University of Sussex
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Habermas’s project of social criticism: between normativity, institutions and practices

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posted on 2023-06-09, 06:23 authored by David Martinez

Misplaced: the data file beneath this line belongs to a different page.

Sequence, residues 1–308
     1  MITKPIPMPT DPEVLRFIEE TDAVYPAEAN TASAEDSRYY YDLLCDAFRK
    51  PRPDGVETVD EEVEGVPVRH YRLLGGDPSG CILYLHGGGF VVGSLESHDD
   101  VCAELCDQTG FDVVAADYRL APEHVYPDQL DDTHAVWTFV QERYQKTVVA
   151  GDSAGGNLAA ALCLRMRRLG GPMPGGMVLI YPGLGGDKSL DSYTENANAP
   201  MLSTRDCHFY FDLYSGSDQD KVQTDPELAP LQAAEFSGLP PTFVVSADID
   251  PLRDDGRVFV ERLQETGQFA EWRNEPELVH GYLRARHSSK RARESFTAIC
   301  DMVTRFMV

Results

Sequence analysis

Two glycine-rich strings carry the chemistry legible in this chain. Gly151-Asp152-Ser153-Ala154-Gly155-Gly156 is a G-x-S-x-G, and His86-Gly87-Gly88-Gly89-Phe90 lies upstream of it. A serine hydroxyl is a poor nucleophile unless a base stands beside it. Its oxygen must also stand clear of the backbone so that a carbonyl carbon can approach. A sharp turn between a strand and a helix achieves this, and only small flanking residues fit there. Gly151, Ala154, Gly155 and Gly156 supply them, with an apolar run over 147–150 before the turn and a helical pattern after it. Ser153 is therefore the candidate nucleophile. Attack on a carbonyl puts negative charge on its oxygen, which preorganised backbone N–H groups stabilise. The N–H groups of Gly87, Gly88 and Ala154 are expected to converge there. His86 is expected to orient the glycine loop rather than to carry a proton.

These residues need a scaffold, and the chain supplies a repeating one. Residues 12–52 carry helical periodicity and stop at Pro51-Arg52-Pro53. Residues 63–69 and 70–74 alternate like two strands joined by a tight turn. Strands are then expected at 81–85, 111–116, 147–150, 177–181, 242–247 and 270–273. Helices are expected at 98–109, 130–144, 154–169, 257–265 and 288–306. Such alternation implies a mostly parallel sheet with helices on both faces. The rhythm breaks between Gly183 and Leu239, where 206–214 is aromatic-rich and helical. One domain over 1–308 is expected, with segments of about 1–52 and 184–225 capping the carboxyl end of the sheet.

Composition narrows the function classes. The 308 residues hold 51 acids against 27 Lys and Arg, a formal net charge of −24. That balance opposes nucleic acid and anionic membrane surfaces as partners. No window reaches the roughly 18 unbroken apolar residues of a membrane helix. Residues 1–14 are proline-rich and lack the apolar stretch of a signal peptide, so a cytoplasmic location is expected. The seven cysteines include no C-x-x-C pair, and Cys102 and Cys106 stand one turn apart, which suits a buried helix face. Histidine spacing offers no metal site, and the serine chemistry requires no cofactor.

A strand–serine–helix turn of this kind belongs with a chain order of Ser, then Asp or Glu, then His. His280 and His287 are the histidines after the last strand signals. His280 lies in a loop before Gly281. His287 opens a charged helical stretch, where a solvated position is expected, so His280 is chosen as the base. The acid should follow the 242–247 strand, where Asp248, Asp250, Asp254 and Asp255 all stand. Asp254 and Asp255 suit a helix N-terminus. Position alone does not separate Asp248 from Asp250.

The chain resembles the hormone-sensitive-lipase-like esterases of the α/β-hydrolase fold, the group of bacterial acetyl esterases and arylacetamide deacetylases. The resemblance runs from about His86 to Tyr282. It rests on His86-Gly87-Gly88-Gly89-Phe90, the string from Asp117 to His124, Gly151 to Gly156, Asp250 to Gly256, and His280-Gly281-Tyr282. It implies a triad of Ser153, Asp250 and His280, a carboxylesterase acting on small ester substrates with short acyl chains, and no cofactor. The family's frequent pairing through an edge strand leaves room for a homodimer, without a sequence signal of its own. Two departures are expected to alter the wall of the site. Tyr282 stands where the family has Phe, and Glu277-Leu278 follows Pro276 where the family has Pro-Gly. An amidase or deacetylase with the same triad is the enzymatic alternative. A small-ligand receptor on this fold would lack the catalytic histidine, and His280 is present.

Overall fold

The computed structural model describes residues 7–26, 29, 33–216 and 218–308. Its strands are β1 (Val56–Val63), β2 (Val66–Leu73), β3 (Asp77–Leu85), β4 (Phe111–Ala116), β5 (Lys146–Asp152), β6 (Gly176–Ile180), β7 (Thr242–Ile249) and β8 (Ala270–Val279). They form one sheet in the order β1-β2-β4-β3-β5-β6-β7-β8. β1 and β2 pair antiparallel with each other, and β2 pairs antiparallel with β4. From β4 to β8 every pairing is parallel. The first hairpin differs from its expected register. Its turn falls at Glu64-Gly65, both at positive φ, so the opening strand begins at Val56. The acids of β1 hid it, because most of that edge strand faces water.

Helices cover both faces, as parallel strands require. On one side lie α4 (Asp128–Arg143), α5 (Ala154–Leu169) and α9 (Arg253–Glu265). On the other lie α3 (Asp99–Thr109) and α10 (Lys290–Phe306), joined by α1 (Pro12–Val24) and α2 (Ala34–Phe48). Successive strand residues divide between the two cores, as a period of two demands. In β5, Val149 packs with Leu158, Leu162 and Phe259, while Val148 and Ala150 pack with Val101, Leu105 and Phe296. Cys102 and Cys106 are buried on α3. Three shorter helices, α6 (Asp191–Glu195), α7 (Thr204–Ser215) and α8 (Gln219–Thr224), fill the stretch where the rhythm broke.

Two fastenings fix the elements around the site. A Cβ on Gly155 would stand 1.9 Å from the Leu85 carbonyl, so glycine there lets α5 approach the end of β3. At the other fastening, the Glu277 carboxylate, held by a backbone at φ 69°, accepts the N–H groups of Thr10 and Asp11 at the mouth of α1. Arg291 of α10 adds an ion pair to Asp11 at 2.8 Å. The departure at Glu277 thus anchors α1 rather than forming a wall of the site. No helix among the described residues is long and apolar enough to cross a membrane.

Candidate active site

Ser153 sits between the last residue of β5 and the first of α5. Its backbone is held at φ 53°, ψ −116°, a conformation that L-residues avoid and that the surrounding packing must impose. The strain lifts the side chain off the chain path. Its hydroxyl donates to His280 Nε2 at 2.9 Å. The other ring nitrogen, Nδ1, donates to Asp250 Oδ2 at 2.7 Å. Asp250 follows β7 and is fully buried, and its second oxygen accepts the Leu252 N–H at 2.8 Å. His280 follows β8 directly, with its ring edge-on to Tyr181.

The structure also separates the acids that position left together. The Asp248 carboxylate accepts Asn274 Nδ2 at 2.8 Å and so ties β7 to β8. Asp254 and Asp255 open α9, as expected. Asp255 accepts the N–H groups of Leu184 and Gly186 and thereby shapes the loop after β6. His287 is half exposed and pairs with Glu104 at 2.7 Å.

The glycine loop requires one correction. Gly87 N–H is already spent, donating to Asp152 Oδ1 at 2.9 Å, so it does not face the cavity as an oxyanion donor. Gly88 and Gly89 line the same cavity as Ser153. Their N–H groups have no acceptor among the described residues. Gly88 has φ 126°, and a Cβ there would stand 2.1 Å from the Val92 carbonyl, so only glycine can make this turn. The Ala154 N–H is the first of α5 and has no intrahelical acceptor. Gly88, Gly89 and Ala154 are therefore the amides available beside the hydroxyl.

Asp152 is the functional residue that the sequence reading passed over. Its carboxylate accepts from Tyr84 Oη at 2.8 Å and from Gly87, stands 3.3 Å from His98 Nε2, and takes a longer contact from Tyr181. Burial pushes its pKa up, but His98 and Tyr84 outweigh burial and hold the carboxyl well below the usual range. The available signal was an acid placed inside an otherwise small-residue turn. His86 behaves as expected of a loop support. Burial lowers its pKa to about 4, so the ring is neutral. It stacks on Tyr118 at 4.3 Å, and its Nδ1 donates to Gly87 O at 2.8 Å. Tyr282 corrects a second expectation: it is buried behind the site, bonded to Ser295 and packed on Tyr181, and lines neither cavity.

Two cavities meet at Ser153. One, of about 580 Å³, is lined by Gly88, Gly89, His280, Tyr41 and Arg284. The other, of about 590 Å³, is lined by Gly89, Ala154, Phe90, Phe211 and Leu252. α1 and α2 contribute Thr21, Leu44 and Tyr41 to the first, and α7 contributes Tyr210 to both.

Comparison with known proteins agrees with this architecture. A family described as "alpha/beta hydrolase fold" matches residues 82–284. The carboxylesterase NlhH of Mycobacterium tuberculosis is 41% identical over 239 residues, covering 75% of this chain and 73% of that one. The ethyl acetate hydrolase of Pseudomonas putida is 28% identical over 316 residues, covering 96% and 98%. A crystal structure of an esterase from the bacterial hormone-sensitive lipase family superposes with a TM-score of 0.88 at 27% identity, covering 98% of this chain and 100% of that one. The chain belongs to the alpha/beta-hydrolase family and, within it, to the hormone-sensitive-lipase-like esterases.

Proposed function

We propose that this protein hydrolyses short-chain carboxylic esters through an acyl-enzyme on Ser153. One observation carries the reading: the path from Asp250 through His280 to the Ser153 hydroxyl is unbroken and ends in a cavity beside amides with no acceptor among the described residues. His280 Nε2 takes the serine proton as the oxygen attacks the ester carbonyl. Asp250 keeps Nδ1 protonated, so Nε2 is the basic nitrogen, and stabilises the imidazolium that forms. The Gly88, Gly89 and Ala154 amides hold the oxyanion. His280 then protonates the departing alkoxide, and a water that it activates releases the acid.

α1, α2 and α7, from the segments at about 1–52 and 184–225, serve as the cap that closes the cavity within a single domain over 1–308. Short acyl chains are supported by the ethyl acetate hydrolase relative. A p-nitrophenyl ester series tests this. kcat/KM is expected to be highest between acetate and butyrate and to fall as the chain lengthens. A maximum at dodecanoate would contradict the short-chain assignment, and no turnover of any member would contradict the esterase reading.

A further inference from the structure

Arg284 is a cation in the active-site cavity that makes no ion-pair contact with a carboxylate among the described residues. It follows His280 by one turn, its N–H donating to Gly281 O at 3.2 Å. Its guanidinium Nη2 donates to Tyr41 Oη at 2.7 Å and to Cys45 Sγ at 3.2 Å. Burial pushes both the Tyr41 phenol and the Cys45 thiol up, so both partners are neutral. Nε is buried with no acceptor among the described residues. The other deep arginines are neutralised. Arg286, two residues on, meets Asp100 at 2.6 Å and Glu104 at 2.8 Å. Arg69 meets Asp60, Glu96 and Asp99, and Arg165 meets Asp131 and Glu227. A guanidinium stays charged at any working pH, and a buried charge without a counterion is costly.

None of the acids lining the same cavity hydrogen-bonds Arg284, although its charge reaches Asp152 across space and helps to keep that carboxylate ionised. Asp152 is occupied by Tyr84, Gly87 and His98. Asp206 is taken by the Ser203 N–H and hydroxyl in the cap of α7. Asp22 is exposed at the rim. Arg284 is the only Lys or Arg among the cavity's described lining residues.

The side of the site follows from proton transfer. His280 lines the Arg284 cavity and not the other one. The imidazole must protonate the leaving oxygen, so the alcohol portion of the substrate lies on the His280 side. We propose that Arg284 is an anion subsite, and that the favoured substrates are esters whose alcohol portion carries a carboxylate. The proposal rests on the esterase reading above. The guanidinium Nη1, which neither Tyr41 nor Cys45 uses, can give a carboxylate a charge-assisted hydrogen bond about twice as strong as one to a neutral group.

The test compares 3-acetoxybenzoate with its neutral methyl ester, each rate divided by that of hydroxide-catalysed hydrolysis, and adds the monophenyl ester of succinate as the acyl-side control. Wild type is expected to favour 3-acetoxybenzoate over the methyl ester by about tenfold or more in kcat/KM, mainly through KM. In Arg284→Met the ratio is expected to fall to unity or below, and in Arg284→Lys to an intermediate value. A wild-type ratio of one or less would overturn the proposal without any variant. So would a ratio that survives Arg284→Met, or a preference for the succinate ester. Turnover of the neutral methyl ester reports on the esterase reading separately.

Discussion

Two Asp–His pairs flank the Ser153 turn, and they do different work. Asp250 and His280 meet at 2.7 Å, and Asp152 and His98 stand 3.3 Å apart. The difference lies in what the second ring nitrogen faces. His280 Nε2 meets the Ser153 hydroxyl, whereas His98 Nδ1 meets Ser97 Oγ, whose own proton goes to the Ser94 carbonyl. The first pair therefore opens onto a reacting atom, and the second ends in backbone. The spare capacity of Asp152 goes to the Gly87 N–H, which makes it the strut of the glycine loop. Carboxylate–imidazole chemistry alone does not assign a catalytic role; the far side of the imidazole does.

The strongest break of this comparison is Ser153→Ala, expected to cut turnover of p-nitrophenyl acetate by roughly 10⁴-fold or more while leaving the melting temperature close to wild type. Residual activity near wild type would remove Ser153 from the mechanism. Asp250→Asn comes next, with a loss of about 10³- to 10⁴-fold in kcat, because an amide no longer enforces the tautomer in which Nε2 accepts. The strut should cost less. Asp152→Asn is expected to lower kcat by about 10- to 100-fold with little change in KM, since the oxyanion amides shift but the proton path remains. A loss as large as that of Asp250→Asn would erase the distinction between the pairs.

This thesis maintains that Jürgen Habermas‘s moral and political theories rely on a modified version of Kant‘s notion of normativity. Taking this as a starting point, it examines this component in light of criticisms inspired by Hegel‘s critique of Kant. The thesis shows that Habermas can answer most of the criticisms that could arise from Hegel‘s critique. That said, Hegel‘s criticism of the will as a tester of maxims does apply to Habermas. This criticism states that Kant cannot connect the universal will of morality and the particular will of the empirical subject because he rules out particular contents as susceptible of being universalized. And it can apply to Habermas because he set strict limits to what can count as a content which may bleed into the justification of moral norms and, following Kenneth Baynes – in his interpretation of Habermas‘s theory –, of legal and political norms. To be justifiable, – according to Habermas – these norms need to embody generalizable interests and they cannot be based on particular interests. However, Habermas infers from this that norms can only be justified with impartial, that is agent-neutral reasons, and cannot be justified with agent-relative reasons. From this, emerges the question whether and to what extent a theory of this sort can successfully include particular contents (for example a particular agents‘ real interests, inclinations and needs). The strict version of the generalizability of norms seems to occlude this possibility. Nonetheless, it is possible to rebut this criticism by slackening the strong version of normative justification that Habermas has built into the theory. By means of an analysis of two elements that he incorporates into his reconstruction of the normative point of view, namely, the concept of ideal role taking and the notion of mutual recognition, it is possible to argue that the loosening of the strict notion of generalizability is a modification that does not contradict and actually coheres with Habermas‘s Kantian concept of moral reason, and this operation fortifies the theory in the face of the Hegelian criticism of the will as a tester of maxims. To develop these issues, this work is divided in two parts with two chapters each part. Part I is an analysis of Habermas‘s notion of moral reason and autonomy and it reconstructs its normative Kantianism. After that, it discusses Hegelian criticisms of Habermas‘s moral theory. Part II focuses on Habermas‘s political Kantianism in Between Facts and Norms and in the debate with Rawls and it examines Hegelian criticisms of that Kantianism.


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